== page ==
Health official: Area hospitals are surpassing original capacity

Local hospitals have surpassed, or are close to surpassing their original capacity as COVID-19 hospitalizations have exponentially increased in recent weeks.

Dr. Ivan Melendez, the Hidalgo County health authority, said Wednesday that all their major hospitals — including Knapp Medical Center, Mission Regional Medical Center, Rio Grande Regional Hospital, Edinburg Regional Medical Center, and McAllen Medical Center, had either over extended their current bed capacity or were on the verge of doing so.

“So every single hospital has increased their bed availability by using other parts of the hospital that was part of their contingency plan or not being used before,” Melendez said during a virtual news conference Wednesday.

“So for example, I just left Doctors Hospital, they’re almost up to 60 folks,” Melendez said. “Their unit can only take 58 so they’re making arrangements to open up other parts of the hospital to accommodate that.”

He added that Rio Grande Regional Hospital opened up two units and was now opening up another floor.

“Edinburg (Regional Medical Center) is doing the exact same thing,” he said.

He added that Mission Regional Medical Center had opened up units near their emergency department because their number of COVID-19 hospitalizations was “extremely high.”

“I can tell you that all of the hospitals that I am aware of are exceeding their bed space, their original bed spaces,” he said.

Because of those accommodations the hospitals were making, though, Melendez assured that there was still space within the hospitals.

“They still have bed spaces, of course, they’re not saturated yet, but they’ve had to carry (out) their previous set contingency plans,” he said. “They have not panicked, they have preplanned what they would do in case this occurred and now those plans that were laid out months ago are now being put into action.”

Before the economy began re-opening on May 1, hospitalizations in the county were down in single digits, Melendez noted. Within the last two weeks, though, their numbers began approaching 200.

“We’ve seen almost a five-fold of hospitalizations within the last two-week period,” he said.

The trauma service area of the Lower Rio Grande Valley — which is defined as Starr, Hidalgo, Cameron and Willacy counties — reported 39 hospitalizations on April 8, according to data from the Department of State Health Service.

That number fluctuated over the next two months until it jumped from 67 to 91 hospitalizations from June 11 until June 12.

As of Wednesday, hospitalizations were reported at 312.

That represents a 365.67% increase from June 11 until now and a 700% increase from April 8 until now.

By comparison, Houston, the trauma service area that currently has the most hospitalizations, their hospitalizations increased by 109% since June 11 and by 171% since April 8.

Statewide, hospitalizations increased by 118.5% since June 11 and 194% from April 8 until now.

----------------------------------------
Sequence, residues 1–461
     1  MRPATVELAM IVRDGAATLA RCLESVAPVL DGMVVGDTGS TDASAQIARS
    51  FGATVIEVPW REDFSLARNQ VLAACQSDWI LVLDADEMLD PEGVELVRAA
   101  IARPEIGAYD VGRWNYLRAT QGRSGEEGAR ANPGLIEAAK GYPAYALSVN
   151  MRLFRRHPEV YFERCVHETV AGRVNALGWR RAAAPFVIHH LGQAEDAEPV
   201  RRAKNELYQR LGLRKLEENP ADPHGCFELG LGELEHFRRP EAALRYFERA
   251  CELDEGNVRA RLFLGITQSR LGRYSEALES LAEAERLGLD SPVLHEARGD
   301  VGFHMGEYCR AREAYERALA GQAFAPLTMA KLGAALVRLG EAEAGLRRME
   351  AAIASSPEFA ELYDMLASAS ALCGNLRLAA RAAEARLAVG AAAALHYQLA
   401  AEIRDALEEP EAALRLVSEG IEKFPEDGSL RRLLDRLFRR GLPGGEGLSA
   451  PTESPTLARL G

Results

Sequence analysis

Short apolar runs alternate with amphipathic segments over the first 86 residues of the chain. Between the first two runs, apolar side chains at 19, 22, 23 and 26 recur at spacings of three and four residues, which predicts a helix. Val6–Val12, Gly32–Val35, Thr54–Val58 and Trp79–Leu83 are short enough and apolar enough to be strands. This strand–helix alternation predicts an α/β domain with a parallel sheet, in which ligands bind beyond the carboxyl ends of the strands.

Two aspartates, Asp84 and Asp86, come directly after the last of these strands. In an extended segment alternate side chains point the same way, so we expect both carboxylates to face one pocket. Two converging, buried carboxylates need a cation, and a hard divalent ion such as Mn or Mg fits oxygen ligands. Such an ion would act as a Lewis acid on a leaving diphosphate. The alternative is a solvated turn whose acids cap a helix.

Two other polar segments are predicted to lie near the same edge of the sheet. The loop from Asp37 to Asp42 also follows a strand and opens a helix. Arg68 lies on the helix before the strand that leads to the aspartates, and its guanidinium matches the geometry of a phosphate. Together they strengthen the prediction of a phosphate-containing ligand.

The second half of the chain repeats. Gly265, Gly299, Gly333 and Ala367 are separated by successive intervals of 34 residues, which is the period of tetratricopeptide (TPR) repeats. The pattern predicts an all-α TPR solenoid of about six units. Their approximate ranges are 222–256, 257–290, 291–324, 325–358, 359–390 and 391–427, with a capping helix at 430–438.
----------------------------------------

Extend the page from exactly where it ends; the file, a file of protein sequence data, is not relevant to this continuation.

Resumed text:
The Texas Hospital Association issued a statement Wednesday assuring capacity in facilities statewide.

“To meet the demand, hospitals can adjust their flow of patients, including slowing or pausing non-COVID-19-related procedures and increasing bed capacity, as volumes fluctuate,” the statement read. “In addition, Texas hospitals continue to reserve 15% of capacity for COVID-19 patients. Also, medical care continues to be routinely provided in outpatient settings without taxing the overall hospitalization capacity.”

The association also noted that there are some areas throughout the state that have limited numbers of, or even no, COVID-19 hospitalizations.

“Hospitals are partnering with other facilities in their region to control capacity levels and ensure the highest quality care for every Texan who seeks it,” the THA added. “They share boots-on-the ground perspective through regular communication and long-standing partnerships. Hospital leaders are coordinating closely with state leadership and public health experts to help maintain statewide visibility on acute capacity issues and other critical concerns.”

What is worrisome, according to Melendez, is the direction in which those numbers are going, especially if they continue to grow at an exponential rate.

“I’m seeing the impact that this accelerated rate is causing in the hospitals,” Melendez said. “I’m seeing the staffing issues.”

One local hospital, he said, had more than 50 COVID-19 patients. Of those, 23 of them required hemodialysis which has to be administered at their bedside.

“Well of course we also have a lot of people in our part of the country that go to the emergency departments to get emergency dialysis because that’s their only source,” Melendez said. “So imagine if you’re having 23 bedside dialysis and then you still have to take care another 40 or 50 people a week that need to be dialyzed in the emergency department.”

“So that’s an example that I would like the public to know, how even a doubling in our percent rate begins to tax significantly the resources that are available,” he said.

He clarified that he doesn’t think that hospitals are being taxed to the point of saturation at this point but that would become an issue if the positivity rate kept doubling.

“If we were at 6% today and we were at 12% in two weeks, and we were at 24% in another two weeks, that would be a catastrophic event for us,” he said. “Of course there are plans should that occur.”